Tamika Galanis (’16) Library of Congress Lovelace Fellowship

A message from Tom Rankin, Director of the Master of Fine Arts in Experimental and Documentary Arts program at Duke University:


We are proud and pleased to share the news that Tamika Galanis has been awarded a Jon B. Lovelace Fellowship at the John W. Kluge Center in the Library of Congress where she will be conduct research on her project, “Activating the Archive—Engaging Bahamian Folk Culture Past and Present.”  This fellowship provides Galanis with time to work in the rich collections of folk and traditional culture at the Library of Congress as well as engage with other archival resources on the representation and history of the Bahamas.  In addition, Tamika Galanis’ own original documentary work will become an essential and active component of any future understanding of Bahamian culture and history.

Galanis received her MFA in Experimental and Documentary Arts at Duke University in 2016 and is currently the post-MFA Fellow in the Documentary Arts at the Center for Documentary Arts at Duke University where she is teaching and continuing her field and archival work on Bahamian culture.  A Bahamian native, her work examines complexities of living in a place shrouded in tourism’s ideal during the age of climate concerns. Her photography-based practice includes traditional documentary work and new media abstractions of written, oral, and archival histories. Tamika’s MFA|EDA thesis film “When the Lionfish Came” recently screened at International Film Festival Rotterdam (IFFR) in January 2018.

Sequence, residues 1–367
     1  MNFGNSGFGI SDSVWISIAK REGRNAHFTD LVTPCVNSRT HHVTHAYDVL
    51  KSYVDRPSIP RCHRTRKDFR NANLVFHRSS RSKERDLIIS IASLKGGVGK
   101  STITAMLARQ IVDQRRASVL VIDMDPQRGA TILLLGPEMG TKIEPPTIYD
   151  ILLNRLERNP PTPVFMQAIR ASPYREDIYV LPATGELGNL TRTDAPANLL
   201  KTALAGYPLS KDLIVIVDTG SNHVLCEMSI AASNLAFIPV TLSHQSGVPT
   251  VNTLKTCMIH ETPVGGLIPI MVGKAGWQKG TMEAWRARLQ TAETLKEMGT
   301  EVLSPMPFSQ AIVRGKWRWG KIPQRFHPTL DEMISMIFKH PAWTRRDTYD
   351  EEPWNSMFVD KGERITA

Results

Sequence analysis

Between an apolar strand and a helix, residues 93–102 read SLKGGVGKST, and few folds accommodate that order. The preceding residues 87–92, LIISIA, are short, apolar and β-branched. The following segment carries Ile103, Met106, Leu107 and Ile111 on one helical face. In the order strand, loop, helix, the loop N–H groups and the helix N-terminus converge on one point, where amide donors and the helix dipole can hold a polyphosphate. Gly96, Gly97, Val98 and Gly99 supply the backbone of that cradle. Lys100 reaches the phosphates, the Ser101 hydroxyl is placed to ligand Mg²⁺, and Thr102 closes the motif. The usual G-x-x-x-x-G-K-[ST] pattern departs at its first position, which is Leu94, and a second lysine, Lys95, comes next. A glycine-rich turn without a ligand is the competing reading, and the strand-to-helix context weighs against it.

Image from “When the Lionfish Came” by Tamika Galanis (2016).

Her work at the Library of Congress will center on the Alan Lomax Collection and other research in the American Folklife Center’s collections.  “The Lomax expedition to The Bahamas in 1935,” Galanis explains, “provides us with a unique vantage point from which to view Bahamian folkway.  The Lomax photographs and recordings from Cat Island and Andros Island gift us with a rare snapshot into the richness of folklife on lesser-visited islands in the Bahamian archipelago. As a native of the islands, I am eagerly looking forward to this residency which will afford me the time and resources to delve deeply into subject matter that I hold so dear and feel is key to my own documentary work and art.”

Image: “John Canoe (with guitar) and friends, New Bight, Cat Island, Bahamas, July 1935,”  Photograph by Alan Lomax, Alan Lomax Collection, Library of Congress.



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